February 12, 2019
Peter Donisanu, Investment Strategy Analyst
Peter Wilson , Global Fixed Income Strategist
Brexit: No-deal Risks on the Rise
- Members of U.K. parliament (MPs) are back in the House of Commons this week to debate and vote on Prime Minister Theresa May’s Brexit deal.
- MPs are seemingly growing more deadlocked on a Brexit direction going forward, and we believe this increases the chances of the U.K. stumbling out of the EU without a transition plan in place.
What It May Mean for Investors
- While we do not expect a no-deal exit to take place in March, we believe that risks to the markets are growing at a time when growth in the eurozone is softening.
This week MPs in the House of Commons will once again consider Theresa May’s Brexit deal following her return from EU negotiations in Brussels. Little was expected to have changed with respect to content of the Withdrawal Agreement, which was first put to consideration at the end of last year. Expectations were set for MPs to vote on effectively the same deal, which they have already rejected, but with negotiations extended, such a vote is now not likely until late February or even March.
What is a no-deal Brexit and is it becoming more likely?
As a quick refresher, a no-deal Brexit could occur if a majority of MPs simply cannot decide on which direction to take with respect to honoring the outcome of the June 23, 2016 referendum. The issue at hand is that Theresa May’s government believes it has negotiated the best terms possible for the Withdrawal Agreement; yet, she cannot muster a majority of MPs to support it. A no-deal Brexit still seems unlikely as it is strongly unpopular among MPs. Yet, the Commons so far has failed to find an alternative, and the U.K. is running out of time to negotiate an exit by the March 29 deadline.
It is true that alternatives exist to a no-deal Brexit, such as approving Prime Minister May’s proposed deal, putting the issue to the people (another referendum), replacing the current government, calling general elections, or simply requesting a Brexit delay to the March 29 exit deadline. The trouble is that each of these options require a majority vote from parliament to pass. Yet, from the start of the year, MPs as a whole have demonstrated little conviction in one direction or another aside from their overall dislike for the deal up for debate this week.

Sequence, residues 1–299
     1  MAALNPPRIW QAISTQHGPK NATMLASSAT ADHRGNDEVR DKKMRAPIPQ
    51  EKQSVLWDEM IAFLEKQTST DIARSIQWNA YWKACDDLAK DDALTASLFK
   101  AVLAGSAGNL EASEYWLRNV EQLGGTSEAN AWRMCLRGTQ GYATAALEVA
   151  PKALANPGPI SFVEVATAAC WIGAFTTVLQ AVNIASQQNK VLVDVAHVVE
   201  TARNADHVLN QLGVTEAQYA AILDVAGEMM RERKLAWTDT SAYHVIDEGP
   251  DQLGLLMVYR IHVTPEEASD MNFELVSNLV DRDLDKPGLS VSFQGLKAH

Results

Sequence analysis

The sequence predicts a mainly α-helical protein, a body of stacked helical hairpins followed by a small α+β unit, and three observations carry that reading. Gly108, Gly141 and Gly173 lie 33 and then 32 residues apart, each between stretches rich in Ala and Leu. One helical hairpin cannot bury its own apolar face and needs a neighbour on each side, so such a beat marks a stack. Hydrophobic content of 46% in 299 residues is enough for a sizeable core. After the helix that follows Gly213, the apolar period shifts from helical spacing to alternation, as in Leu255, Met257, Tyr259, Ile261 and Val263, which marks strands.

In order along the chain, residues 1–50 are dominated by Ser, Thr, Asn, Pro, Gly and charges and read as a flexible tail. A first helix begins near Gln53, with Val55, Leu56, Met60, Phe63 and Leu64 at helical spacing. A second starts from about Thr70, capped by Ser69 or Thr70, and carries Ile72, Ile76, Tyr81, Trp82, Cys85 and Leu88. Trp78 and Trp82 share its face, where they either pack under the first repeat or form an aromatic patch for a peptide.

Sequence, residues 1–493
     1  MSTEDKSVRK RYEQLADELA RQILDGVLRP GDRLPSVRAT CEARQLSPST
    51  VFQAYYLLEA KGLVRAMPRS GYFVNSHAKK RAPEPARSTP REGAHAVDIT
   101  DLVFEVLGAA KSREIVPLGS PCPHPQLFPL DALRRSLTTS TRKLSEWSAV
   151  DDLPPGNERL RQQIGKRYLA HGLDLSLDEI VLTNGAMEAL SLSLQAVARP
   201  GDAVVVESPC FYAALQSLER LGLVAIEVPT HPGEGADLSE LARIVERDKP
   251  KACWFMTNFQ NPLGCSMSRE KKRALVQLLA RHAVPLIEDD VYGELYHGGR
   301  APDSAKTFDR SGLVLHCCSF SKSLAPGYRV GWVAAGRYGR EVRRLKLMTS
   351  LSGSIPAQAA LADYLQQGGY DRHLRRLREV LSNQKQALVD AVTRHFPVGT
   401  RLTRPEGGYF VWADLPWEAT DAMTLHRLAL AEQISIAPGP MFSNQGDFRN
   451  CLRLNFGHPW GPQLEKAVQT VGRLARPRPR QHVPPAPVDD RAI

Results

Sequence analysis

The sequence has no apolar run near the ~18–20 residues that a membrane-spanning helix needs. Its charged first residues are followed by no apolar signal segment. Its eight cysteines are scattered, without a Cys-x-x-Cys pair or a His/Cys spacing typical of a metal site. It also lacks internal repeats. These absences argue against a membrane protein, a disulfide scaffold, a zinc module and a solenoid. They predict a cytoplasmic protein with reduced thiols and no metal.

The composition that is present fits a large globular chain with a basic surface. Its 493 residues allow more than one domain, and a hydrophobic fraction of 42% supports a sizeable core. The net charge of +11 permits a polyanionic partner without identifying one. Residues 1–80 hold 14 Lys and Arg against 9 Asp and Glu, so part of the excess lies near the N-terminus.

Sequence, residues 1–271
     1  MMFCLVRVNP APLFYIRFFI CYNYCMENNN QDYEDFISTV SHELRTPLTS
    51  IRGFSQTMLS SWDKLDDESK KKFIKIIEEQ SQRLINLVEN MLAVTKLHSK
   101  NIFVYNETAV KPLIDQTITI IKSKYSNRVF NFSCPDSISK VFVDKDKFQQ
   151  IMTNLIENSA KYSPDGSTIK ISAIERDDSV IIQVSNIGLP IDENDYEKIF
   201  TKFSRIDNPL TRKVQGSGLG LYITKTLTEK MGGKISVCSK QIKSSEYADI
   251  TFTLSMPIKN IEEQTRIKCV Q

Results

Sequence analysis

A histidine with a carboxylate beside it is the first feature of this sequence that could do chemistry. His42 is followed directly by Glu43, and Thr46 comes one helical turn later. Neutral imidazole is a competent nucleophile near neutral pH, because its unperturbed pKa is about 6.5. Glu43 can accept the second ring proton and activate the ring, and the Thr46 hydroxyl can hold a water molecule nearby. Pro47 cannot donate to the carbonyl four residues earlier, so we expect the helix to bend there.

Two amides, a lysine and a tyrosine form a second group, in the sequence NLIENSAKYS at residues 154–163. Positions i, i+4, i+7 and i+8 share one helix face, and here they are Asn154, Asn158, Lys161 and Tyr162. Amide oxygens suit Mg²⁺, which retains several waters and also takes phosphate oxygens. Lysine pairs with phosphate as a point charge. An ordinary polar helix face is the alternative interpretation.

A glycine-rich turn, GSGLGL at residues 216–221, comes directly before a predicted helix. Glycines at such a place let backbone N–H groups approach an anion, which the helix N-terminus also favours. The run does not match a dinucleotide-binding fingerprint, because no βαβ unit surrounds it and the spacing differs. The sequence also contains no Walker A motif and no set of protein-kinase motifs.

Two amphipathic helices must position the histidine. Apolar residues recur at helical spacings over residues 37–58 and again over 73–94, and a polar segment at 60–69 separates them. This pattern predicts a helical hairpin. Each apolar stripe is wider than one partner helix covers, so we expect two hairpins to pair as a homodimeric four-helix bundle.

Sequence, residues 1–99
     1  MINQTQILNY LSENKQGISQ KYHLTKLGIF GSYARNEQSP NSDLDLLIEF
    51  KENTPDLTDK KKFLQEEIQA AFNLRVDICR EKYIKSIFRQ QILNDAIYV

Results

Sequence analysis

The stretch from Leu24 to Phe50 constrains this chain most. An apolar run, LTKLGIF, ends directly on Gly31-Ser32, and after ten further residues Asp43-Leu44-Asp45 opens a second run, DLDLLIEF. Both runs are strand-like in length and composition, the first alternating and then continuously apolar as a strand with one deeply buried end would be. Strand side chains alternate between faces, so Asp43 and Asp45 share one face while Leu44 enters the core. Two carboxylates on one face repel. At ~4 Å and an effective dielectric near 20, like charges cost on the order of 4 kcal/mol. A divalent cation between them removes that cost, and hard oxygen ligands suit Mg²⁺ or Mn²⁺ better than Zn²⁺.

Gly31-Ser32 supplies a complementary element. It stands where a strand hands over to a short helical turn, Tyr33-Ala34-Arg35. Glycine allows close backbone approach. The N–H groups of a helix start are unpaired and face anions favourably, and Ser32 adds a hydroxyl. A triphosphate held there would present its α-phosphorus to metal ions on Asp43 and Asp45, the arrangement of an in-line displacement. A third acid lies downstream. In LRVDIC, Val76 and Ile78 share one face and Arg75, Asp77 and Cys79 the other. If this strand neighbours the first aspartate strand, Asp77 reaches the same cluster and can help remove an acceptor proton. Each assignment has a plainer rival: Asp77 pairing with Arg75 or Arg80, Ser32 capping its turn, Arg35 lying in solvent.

This was evidenced in a Commons vote at the end of January on amendments to the Withdrawal Agreement. Of the various proposed amendments, the one that passed reinforced the current impasse: a Brexit deal without a backstop and a non-binding desire to avoid a no-deal Brexit. To put into context, other amendments had proposed the above alternatives, but none were able to muster a majority.
MPs were expected to debate Prime Minister May’s deal this week, followed by a vote on Thursday to approve or reject the deal. Latest reports suggest that, if there is no progress on renegotiation, Thursday’s debate will be another opportunity for MPs to suggest alternatives—but not necessarily with any greater likelihood of success than during the vote on January 29. The current expected timing of a new vote on the Prime Minister May’s deal is late February or early March. This narrower time frame and the potential for another rejection raises the risk of a no-deal exit, contributing to an environment unfavorable to risk assets—particularly at a time when economic growth in the eurozone has been deteriorating.
Indeed, a no-deal Brexit would likely cause much short-term disruption for member countries of the U.K. and eurozone. We believe that economic disruption would be severe in the near term. The indirect effects could also negatively impact business and consumer sentiment at a time when confidence in the currency bloc is waning. Coupled with a European Central Bank bias towards raising interest rates, we believe that a no-deal exit could exacerbate weakness in the eurozone economy and curtail investor’s preference for risk assets.
We believe there is still time for the U.K. to avoid a no-deal exit (our base case scenario), and developments in the House of Commons this week will likely give more perspective on the market and economic risk of a no-deal in the coming weeks. In the meantime, we suggest that investors refrain from overextending their exposure to European risk assets, where we maintain a neutral rating to the region’s stocks and an unfavorable rating on international developed market bonds. Both the euro and pound would be extremely vulnerable versus the dollar in the event of a no-deal Brexit. We prefer U.S. equities as well as emerging market equities and bonds (U.S. dollar-denominated) over those of Europe and other developed markets outside the U.S.
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